This second of three volumes of essays by Christopher Hill, a widely recognized historian of seventeenth-century England, contains much previously unpublished work. The material spans writings from thirty years of Hill's remarkable career, and all the material has been specially revised.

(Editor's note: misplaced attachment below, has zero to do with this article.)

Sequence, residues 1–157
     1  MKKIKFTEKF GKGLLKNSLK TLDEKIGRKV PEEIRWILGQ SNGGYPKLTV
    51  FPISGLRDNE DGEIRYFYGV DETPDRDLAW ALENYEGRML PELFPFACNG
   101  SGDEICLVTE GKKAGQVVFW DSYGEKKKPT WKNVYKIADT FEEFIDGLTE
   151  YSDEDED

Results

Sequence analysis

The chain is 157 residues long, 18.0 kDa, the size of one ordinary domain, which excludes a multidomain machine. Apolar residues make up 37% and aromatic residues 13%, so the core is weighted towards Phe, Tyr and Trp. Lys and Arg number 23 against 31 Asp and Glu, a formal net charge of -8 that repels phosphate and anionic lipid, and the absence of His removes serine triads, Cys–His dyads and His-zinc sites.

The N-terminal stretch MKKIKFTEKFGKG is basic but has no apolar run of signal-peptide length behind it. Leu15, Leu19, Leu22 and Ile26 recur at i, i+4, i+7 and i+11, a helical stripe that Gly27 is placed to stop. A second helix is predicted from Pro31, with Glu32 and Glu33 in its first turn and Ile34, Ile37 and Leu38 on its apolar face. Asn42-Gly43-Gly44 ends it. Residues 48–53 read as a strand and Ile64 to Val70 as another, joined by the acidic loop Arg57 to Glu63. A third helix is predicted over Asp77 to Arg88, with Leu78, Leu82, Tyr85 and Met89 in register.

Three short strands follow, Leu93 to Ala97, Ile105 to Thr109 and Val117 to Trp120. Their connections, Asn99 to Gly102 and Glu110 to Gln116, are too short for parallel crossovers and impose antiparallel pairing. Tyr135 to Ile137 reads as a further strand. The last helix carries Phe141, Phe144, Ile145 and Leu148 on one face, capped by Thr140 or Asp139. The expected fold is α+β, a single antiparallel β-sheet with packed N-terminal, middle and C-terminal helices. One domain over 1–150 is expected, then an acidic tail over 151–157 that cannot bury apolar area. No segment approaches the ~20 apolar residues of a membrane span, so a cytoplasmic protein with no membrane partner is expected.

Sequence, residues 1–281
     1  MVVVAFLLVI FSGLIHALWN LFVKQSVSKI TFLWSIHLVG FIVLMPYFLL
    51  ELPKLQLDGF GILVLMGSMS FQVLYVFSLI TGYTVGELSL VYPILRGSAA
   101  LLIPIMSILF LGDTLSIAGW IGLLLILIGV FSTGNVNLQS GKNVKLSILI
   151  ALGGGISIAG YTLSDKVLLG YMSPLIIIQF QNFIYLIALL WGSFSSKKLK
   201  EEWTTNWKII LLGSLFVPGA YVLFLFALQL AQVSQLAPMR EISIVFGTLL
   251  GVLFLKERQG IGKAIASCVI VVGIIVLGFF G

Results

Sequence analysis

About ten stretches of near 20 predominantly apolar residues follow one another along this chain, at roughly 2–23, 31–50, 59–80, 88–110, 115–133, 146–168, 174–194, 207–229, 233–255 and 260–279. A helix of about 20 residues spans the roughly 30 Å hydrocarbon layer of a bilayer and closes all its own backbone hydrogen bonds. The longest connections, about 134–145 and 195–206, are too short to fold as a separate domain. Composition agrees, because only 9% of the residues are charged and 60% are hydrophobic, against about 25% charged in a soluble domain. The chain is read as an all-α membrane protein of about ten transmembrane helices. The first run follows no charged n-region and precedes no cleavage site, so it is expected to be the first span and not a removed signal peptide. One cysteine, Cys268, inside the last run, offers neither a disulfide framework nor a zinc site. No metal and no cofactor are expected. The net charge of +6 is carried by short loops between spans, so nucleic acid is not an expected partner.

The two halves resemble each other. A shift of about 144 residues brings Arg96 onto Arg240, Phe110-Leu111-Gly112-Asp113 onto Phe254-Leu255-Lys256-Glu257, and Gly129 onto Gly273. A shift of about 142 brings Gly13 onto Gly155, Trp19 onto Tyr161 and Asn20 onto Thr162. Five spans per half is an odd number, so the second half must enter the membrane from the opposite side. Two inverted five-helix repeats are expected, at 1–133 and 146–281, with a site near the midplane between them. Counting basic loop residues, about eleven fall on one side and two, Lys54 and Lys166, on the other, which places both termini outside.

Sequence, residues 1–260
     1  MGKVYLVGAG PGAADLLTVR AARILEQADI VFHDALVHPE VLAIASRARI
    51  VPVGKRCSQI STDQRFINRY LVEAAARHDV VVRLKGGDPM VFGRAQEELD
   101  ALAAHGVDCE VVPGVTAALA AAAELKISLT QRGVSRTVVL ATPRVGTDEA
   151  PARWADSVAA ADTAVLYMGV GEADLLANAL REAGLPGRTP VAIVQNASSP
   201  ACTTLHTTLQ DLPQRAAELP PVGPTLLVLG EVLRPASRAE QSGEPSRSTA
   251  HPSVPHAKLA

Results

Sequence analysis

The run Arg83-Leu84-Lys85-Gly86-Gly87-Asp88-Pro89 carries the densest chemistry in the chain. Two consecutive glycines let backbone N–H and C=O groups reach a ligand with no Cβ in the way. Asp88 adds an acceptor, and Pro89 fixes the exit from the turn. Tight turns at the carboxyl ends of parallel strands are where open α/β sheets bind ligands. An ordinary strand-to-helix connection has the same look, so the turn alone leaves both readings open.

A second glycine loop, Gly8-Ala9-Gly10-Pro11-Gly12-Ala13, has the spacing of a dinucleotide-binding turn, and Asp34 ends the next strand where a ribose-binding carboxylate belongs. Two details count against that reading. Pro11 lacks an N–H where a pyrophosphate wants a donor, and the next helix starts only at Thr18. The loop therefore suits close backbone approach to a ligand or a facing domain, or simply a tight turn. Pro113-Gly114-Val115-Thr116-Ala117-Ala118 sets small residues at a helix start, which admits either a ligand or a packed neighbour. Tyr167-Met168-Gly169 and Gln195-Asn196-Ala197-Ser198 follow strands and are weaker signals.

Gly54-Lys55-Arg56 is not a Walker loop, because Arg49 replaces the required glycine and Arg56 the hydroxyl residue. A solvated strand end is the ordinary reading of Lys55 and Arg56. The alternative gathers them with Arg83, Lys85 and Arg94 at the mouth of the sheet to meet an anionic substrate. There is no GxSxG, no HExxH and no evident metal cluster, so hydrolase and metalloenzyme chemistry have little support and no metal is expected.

Volume II focuses on religious beliefs and practices and shows how the deep-rooted theological struggles of the seventeenth century finally led to the collapse of the united church. Emphasizing the significance of radical and heretical movements in English religious history, Hill offers a new appraisal of the role of religious conflict as a shaping force of the English Revolution. The author considers traditions from the Lollards to the Levellers and includes full and detailed studies of Gerald Winstanley, radical antinomianism and the origins of Muggletonianism.